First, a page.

This experiment demonstrates how optogenetics can be used to activate specific neurons to help us to understand their role in behavior. In this case, researchers activated neurons in the amygdala to show how they are involved in fear conditioning, and expanded upon this by verifying that LTP is important to the fear conditioning process.

Optogenetics and mind control

While optogenetics gives us the ability to explore the functions of individual neurons, at the same time it provides us with the ability to modify the activity of those neurons. In this way, we can influence behavior, as can be seen in the video above when the mouse is prompted to move in a specific direction after optogenetic stimulation. Although tethering an animal to a cable for experimentation would seem to limit the possibilities that could be explored in terms of behavior, wireless optogenetic methods have already been introduced; their use will remove some of these limitations.

But how far can this technology go? Would it be possible to express ion channels sensitive to different wavelengths of light in different areas of the brain, thus giving scientists the capability of controlling a whole panoply of behavior? Indeed, work has already started to move in this direction. Will optogenetic technology one day be able to be applied to humans to influence things like addictive behavior or to treat disorders like depression, essentially modifying peoples' thought patterns in the process? Although this is not right around the corner, it is conceivable, and it is not a far stretch from approaches like deep-brain stimulation that are already being explored for these purposes. Thus, using optogenetics to exert some sort of control over the mind, albeit not of the devious sort that the phrase "mind control" seems to imply (hopefully), may be a distinct possibility at some point in the future.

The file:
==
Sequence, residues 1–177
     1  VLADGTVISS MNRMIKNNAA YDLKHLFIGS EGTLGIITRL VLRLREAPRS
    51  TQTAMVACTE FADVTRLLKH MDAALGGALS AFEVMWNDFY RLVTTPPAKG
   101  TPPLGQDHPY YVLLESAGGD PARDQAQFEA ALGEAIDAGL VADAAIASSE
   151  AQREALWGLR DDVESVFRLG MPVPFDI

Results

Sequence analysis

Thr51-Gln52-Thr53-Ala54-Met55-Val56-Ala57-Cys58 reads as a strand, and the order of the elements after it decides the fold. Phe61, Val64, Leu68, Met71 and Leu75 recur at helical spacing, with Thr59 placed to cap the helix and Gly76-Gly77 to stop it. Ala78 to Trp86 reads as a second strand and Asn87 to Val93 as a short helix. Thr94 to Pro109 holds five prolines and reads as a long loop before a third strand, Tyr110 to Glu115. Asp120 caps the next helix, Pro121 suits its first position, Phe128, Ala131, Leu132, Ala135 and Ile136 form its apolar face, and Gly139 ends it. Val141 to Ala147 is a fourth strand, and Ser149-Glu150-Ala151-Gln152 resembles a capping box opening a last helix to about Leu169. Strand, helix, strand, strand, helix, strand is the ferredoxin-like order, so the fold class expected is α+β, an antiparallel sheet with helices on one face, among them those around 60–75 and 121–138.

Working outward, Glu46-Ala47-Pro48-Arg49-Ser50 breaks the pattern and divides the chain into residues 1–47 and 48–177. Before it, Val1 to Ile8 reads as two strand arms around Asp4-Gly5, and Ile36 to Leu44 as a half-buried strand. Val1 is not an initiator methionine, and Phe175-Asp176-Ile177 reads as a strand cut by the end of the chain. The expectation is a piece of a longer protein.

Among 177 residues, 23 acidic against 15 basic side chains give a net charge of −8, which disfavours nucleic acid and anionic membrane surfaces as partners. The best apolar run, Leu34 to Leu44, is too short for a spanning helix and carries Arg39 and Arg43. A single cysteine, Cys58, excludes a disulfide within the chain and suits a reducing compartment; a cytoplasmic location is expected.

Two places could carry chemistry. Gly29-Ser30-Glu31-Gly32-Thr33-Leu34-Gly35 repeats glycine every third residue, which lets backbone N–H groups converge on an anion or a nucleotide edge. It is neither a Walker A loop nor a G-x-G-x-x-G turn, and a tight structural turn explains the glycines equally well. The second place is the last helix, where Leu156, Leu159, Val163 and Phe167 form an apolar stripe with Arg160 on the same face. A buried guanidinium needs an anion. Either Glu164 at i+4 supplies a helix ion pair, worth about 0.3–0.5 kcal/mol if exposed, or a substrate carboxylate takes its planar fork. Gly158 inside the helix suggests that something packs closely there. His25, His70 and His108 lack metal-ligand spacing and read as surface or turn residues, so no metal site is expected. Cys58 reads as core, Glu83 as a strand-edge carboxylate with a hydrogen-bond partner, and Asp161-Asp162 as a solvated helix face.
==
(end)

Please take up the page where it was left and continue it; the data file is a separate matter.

Nabavi, S., Fox, R., Proulx, C., Lin, J., Tsien, R., & Malinow, R. (2014). Engineering a memory with LTD and LTP Nature DOI: 10.1038/nature13294